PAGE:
When we were younger my grandmother often mentioned her parents, telling us that for a while they used to organise a ‘game of bowls’. I never understood exactly what a game of bowls was. The only two elements that seemed clear in this relatively unknown commercial exercise, the ancestor of modern bowling, were that the bowls were made entirely of ivory (my grandmother was visibly proud of this), and that served to the guests would be a recipe which, it appears, was of unquestionable appeal: “wine and lemonade”.
My grandmother is a spirited person, for years she was teased by her nephews regarding the mysterious delectability of this mixture. It’s with the passing of generations, that in our house just like anywhere else, the relationship with wine has evolved. Those were hard times back then and you didn’t drink to enjoy “traces of juniper berries and acacia honey” in wine: you drank to perk yourself up. And what could have been better than a drop of lemonade to liven up the afternoon tipple. The old fisherman and the boatyard workers didn’t have the time nor the money to delve into the sensory qualities of the wine they drank, it was enough for them to have company, to enjoy themselves amongst friends, and perhaps to be the first to hit the jack with the ivory balls given to them in the game.
To put it bluntly, wine culture, at least good wine, is associated with the level of someone’s affluence and is therefore slightly elitist. It’s for this reason that initiatives like Cantine Aperte (open cellars), during which, on 29 May the best cellars in Italy open their doors to the public, have such great value. They create a connection with everybody, even those who are not able afford more than a ‘wine and lemonade’, by offering them the opportunity to test the capabilities of their palates without the verbose, cultural offerings or the expensive retail prices.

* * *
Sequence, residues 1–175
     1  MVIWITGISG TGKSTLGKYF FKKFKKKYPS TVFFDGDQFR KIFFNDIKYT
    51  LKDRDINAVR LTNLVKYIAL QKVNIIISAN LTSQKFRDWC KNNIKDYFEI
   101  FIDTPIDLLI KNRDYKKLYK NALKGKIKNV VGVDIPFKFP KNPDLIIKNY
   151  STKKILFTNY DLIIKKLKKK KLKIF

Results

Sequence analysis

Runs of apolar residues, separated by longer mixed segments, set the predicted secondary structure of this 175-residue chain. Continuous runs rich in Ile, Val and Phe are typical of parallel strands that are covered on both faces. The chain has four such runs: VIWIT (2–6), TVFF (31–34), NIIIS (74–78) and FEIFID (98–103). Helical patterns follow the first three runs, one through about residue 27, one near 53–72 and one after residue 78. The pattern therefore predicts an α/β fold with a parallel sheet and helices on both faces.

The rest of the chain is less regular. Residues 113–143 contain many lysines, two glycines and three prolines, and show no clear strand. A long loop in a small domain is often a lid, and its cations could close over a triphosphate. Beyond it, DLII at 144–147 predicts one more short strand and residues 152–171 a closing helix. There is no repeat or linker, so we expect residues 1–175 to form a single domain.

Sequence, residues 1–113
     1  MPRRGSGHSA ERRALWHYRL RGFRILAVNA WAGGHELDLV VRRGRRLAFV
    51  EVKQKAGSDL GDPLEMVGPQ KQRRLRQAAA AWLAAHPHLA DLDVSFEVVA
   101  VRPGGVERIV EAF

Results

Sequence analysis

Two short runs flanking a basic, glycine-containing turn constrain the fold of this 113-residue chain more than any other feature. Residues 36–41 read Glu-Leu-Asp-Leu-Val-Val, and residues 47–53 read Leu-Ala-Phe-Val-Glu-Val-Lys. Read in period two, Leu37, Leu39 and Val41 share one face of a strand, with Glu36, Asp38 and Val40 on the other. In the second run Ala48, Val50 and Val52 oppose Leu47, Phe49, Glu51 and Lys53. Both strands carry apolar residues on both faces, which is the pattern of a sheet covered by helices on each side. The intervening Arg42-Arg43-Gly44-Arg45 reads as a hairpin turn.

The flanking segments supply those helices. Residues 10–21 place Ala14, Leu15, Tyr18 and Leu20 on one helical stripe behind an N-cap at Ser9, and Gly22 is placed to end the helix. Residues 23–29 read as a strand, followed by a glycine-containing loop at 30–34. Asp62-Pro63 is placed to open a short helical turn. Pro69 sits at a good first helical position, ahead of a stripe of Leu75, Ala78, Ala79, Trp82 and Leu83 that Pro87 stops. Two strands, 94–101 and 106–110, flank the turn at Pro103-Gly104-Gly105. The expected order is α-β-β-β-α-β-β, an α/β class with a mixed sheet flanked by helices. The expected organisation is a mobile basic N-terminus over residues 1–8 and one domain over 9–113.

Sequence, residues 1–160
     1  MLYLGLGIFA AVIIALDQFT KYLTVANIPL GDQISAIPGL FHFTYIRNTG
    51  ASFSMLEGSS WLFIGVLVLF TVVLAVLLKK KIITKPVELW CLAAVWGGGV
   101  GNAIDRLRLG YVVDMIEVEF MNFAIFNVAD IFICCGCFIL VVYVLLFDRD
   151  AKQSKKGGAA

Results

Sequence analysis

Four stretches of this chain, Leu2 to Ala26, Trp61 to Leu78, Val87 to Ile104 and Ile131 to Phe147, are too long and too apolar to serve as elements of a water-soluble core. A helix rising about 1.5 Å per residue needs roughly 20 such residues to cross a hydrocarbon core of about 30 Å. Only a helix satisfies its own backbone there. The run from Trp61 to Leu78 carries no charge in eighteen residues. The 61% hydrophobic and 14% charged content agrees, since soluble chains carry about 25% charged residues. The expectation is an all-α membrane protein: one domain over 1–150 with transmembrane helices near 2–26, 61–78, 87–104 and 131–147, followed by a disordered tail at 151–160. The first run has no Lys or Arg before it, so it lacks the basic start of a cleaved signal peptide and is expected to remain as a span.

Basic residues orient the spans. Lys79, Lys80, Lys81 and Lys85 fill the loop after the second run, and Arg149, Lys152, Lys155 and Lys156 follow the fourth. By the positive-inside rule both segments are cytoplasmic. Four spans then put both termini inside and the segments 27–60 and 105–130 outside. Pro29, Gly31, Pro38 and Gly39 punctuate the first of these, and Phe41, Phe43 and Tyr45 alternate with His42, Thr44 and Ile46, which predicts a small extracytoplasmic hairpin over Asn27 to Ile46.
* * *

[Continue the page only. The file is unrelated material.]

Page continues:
The beautiful things in life should be within everybody’s means and Open Cellars is a great way of creating, albeit temporarily, this ideal of democratic beauty. In fact, as stated by the promoters of the initiative themselves, it’s about “an experience of great cultural and human value” that goes well beyond simply tasting. You can check by yourself with our Cantine Aperte itineraries.
In Le Marche section of the Wine Tourism Movement, presided over by Serenella Moroder, there are 27 cellars that support the initiative, including Fiorini, Fazi Battaglia and Moncaro amongst others. They range from the legendary Verdicchio, to the Bianchello del Metauro to the Rosso Conero; the green, white and red colours of the Italian flag to which this nineteenth edition is dedicated. Confirmation once again of the fact that, Le Marche is a synthesis, a paradise within a much larger one: Italy.
And if the guests of my great-grandparents’ bowls game had had the opportunity every year, on the last Sunday of every May, to enjoy the best wines produced on the beautiful hills of Le Marche, I’m sure that the ‘wine and lemonade’, however stimulating, would not have sufficed.
The Paradise Trotter
1 comment(s) so far...
By Mary Lou Road on
Re: Cantine Aperte-Open Cellars in Le Marche: wine & democracy
Please let me know if it's possible an Itinerary on October. Mary Lou Road